General election 2019: What happens after the results?
Getting elected is only the beginning.
The victors will be exhausted, but they will need to hit the ground running in Westminster, with a Queen's Speech expected within days - if a majority government is elected - and possibly a debate on the key Brexit legislation, the Withdrawal Agreement Bill, before Christmas.
And all that will happen alongside the boring administrative grind of getting the Commons up and running, as well as their own political operations.
How will it unfold? Here's a possible timeline:
Overnight 12-13 December
The winning candidate gets given a personal "welcome letter" by the returning officer from the clerk of the Commons, setting out the arrangements for them to take up their role as an MP.
This covers things like the reception area that will be set up for new MPs, a "buddy" system giving each new member a named official who will be their first point of contact, and details about issues such as IT access and photo passes.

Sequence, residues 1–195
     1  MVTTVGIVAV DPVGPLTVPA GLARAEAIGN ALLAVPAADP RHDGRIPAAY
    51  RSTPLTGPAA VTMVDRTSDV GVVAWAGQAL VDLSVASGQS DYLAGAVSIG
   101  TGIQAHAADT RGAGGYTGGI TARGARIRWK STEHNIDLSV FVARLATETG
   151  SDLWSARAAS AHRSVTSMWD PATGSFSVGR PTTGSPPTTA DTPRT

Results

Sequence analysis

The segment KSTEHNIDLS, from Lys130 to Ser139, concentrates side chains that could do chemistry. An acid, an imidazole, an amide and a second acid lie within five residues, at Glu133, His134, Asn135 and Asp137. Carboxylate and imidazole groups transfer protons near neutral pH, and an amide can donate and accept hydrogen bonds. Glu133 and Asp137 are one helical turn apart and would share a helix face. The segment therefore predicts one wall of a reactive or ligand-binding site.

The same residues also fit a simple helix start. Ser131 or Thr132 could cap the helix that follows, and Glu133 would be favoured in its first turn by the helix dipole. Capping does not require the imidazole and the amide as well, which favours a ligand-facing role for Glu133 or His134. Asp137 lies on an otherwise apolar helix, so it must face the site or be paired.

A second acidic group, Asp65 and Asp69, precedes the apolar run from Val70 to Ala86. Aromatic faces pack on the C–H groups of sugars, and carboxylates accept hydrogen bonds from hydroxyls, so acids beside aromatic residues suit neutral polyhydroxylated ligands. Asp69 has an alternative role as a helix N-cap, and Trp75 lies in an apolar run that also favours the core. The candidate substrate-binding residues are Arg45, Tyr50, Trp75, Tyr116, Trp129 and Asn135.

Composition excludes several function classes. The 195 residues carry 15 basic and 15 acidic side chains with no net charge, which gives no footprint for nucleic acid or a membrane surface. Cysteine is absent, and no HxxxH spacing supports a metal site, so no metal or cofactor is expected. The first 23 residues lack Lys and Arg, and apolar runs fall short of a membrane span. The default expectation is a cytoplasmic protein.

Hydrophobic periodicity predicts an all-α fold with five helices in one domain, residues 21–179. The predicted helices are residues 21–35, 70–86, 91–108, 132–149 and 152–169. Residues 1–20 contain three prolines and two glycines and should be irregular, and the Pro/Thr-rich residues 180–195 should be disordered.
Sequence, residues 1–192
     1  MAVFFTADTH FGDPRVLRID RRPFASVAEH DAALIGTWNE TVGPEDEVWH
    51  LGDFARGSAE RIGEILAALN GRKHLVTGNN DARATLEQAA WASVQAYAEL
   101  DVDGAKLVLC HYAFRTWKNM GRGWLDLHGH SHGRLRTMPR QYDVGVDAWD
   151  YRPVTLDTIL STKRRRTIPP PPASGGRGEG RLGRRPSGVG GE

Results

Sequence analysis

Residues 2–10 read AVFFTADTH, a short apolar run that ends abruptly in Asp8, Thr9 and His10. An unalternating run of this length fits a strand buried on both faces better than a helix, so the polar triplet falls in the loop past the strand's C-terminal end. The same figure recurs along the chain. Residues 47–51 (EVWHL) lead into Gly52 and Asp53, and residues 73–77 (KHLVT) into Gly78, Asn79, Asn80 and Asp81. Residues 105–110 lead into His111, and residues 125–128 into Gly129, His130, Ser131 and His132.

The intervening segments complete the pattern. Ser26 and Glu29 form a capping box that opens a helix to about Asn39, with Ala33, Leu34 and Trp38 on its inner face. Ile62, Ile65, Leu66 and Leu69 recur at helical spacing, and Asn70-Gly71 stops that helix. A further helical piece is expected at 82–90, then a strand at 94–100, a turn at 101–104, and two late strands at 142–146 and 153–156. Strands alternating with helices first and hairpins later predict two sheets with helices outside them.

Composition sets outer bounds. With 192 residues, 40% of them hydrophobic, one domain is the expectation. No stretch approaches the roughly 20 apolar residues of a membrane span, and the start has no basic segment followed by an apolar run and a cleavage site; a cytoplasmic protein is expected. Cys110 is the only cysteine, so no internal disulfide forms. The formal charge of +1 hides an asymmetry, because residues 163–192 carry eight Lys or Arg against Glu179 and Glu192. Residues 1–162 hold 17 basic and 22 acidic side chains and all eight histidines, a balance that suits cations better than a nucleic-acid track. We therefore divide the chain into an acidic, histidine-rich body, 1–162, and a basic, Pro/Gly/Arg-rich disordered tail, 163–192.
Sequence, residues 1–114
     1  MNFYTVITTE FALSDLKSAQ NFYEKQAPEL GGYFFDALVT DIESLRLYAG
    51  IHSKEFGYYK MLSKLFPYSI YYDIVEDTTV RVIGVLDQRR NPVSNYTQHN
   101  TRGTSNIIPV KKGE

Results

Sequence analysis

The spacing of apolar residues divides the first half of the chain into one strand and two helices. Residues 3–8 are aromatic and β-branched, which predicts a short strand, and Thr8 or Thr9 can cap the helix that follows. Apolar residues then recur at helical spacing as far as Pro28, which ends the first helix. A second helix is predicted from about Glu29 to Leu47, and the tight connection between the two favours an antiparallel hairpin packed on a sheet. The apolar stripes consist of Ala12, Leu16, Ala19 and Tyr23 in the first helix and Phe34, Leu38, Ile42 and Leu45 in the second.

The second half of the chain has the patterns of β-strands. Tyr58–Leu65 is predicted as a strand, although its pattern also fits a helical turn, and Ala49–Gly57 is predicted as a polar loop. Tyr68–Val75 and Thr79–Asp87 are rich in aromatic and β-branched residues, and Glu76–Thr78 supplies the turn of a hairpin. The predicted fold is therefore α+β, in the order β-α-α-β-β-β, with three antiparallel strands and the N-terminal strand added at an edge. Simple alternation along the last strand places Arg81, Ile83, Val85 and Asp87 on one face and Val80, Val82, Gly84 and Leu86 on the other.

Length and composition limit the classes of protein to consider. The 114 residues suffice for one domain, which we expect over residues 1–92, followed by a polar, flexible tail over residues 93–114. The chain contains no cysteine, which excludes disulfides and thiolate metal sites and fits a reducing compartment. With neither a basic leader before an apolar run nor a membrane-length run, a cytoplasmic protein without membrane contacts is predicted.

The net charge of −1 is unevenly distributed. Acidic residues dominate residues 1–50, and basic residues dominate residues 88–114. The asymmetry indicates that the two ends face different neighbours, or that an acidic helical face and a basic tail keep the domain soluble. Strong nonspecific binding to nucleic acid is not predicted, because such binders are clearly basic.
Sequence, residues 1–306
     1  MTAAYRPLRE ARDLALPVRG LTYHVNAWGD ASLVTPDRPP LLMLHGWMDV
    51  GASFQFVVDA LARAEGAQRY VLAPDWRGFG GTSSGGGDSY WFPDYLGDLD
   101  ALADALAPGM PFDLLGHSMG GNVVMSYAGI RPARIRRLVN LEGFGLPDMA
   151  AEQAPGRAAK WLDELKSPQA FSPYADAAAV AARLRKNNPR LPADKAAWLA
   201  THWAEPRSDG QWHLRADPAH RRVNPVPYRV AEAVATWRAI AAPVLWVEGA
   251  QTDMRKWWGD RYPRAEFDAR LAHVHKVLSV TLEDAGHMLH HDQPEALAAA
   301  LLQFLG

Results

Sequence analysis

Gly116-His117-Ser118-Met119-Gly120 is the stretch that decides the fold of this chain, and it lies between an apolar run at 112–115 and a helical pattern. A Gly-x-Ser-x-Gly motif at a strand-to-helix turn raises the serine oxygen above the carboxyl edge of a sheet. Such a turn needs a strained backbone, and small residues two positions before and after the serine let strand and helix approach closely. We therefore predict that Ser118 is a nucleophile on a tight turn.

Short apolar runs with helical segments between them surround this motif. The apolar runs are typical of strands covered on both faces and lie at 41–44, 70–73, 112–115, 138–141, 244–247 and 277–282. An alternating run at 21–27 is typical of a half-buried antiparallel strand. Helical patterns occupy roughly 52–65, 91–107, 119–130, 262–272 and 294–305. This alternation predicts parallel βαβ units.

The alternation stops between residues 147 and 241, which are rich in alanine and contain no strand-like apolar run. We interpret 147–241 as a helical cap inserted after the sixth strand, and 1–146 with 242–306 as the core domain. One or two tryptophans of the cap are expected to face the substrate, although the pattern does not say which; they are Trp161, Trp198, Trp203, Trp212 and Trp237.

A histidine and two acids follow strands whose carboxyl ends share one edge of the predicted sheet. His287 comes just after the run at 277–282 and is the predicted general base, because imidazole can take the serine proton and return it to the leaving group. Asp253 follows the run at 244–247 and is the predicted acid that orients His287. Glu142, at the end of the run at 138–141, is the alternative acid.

Commons officials will be working through the weekend to get the newcomers started, and the arrangements will include a room set aside for new members' children, complete with Lego.
Most MPs will have temporary office arrangements for quite a while, as the delicate process of allocating offices unfolds. The process is so politically sensitive that it is left entirely in the hands of the whips - the Commons administrators have never wanted to have anything to do with the actual decisions.
Top cabinet ministers are billeted in the Victorian Palace of Westminster, behind the Speaker's chair; lesser ministers get some rather unattractive basement digs, on the basis that they won't be using them much.